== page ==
Tea party in the U.S.A.:Bachmann’s little-known roots at the College

    On Tuesday night an alumna of the College of William and Mary’s law school once again made history. Minnesota Congresswoman Michele Bachmann LL. M ’88 became the first politician to give a nationally televised second rebuttal to the President’s State of the Union Address. After the official Republican response handled by Rep. Paul Ryan from Wisconsin, Bachmann appeared on CNN to deliver what has been coined the Tea Party Response. Such an event is unprecedented and, once again, the College has become associated with another first. I was surprised at first to find that Bachmann was associated with the College, as she is not regularly mentioned in the list of distinguished alumni — perhaps because she was not an undergraduate here. This prompted me to find out a bit more about her.

    Bachmann was born in 1956 in Iowa, but soon moved to Minnesota. After her parents divorced, her mom was barely able to earn enough to scrape by. She excelled in school and was even named Miss Congeniality in the Miss Anoka Competition — a title that no longer quite fits the sometimes sharp-tongued conservative. Bachmann went on to graduate from Winona State College and received a law degree from Oral Roberts Law School, which became Regent University.

    During her senior year of college, Bachmann — who had been raised as a Democrat — shifted toward conservatism. This paradigm shift occurred on a train while reading Gore Vidal’s Burr. She claims that Vidal’s satiric representation of the Founding Fathers disgusted her and she realized if she wasn’t a Democrat, she must be a Republican.

    This tale is a bit too neat and beholden to the Tea Party’s worship of the Founding Fathers. It reads more as a political creation myth than an actual event. However, it does reveal one very important facet of Bachmann’s politics. She is a Republican because she is not liberal or a Democrat, not because of any intrinsic affection for the GOP.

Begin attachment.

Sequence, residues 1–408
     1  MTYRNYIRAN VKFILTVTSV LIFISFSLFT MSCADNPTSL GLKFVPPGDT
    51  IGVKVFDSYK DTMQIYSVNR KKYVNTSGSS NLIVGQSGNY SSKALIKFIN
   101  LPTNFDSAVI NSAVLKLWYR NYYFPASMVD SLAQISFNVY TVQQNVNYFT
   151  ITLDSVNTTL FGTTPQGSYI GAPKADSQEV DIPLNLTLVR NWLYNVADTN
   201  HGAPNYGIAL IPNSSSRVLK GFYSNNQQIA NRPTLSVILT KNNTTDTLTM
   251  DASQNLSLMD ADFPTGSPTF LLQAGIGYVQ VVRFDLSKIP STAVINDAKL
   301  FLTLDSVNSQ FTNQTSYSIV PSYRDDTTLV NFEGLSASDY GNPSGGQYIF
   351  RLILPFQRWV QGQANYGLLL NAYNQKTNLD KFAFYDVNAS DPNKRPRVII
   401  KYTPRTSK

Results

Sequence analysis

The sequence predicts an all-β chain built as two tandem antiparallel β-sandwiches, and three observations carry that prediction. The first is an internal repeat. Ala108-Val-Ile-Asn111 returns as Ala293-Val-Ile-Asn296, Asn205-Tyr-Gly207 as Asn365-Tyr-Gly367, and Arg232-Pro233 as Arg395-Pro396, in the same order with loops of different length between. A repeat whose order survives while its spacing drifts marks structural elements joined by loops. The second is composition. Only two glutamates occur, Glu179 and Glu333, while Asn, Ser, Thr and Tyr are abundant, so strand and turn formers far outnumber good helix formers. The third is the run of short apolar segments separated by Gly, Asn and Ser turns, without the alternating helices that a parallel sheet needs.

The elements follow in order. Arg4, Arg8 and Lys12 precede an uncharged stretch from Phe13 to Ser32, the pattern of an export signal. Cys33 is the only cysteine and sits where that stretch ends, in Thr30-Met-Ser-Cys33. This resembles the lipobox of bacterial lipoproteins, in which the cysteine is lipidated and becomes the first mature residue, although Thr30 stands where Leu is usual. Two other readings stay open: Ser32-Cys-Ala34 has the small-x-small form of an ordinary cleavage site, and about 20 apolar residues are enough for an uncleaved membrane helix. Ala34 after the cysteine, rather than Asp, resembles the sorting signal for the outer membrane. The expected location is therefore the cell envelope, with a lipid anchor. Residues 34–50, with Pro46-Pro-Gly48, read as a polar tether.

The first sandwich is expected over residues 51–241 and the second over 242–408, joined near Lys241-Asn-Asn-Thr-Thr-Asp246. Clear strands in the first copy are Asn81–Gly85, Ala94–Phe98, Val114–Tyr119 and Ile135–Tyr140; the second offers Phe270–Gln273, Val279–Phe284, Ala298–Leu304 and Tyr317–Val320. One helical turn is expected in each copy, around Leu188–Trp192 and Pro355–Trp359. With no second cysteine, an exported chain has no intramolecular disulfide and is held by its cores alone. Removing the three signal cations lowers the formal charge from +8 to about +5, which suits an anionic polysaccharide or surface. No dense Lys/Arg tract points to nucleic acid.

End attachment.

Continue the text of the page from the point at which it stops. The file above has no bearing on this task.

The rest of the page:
After receiving her law degree, Bachmann continued her education by enrolling in a one-year tax law program at the Marshall-Wythe School of Law. Although she only attended the College for a short time, she stated that it had a tremendous influence on her personal and professional life. Of course, she said this in an interview with the Virginia Informer, so she might just have been polite, but it stands to reason that she would appreciate the institution which educated many of her historical heroes.

    After finishing her education, she embarked on a professional career and raised a family of five biological children and many more foster children. Interestingly, she spent several years as a federal tax litigation attorney, during which she represented the IRS in cases against tax evaders. It is ironic that one of the leading members of the coalition to eradicate taxes was once an IRS enforcer.

    Bachmann began her career in politics when she defeated an incumbent Republican state senator in the 2000 primary and went on to win a seat in the Minnesota Senate. She gave an impromptu speech at the nomination convention and won her party’s nomination on the first ballot, although her defeated opponents claim she came prepared to run. Since then, she has been a representative of the far right on both fiscal and social issues. She often exasperated party leaders by acting spontaneously and independent of the party or caucus line.

    As Tuesday night illustrated, she has brought this style to the House of Representatives to which she was elected in 2007. She joined the Tea Party early on, and as one of its main leaders, has leapfrogged past senior republicans into the national spotlight. Notably, she created the Tea Party Caucus and mounted a failed bid for head of the Republican Caucus. Rumor has it that Bachmann is even toying with the idea of a presidential bid in 2012. While the chances of her nomination seem slim, perhaps the College will once again become the school of Presidents.


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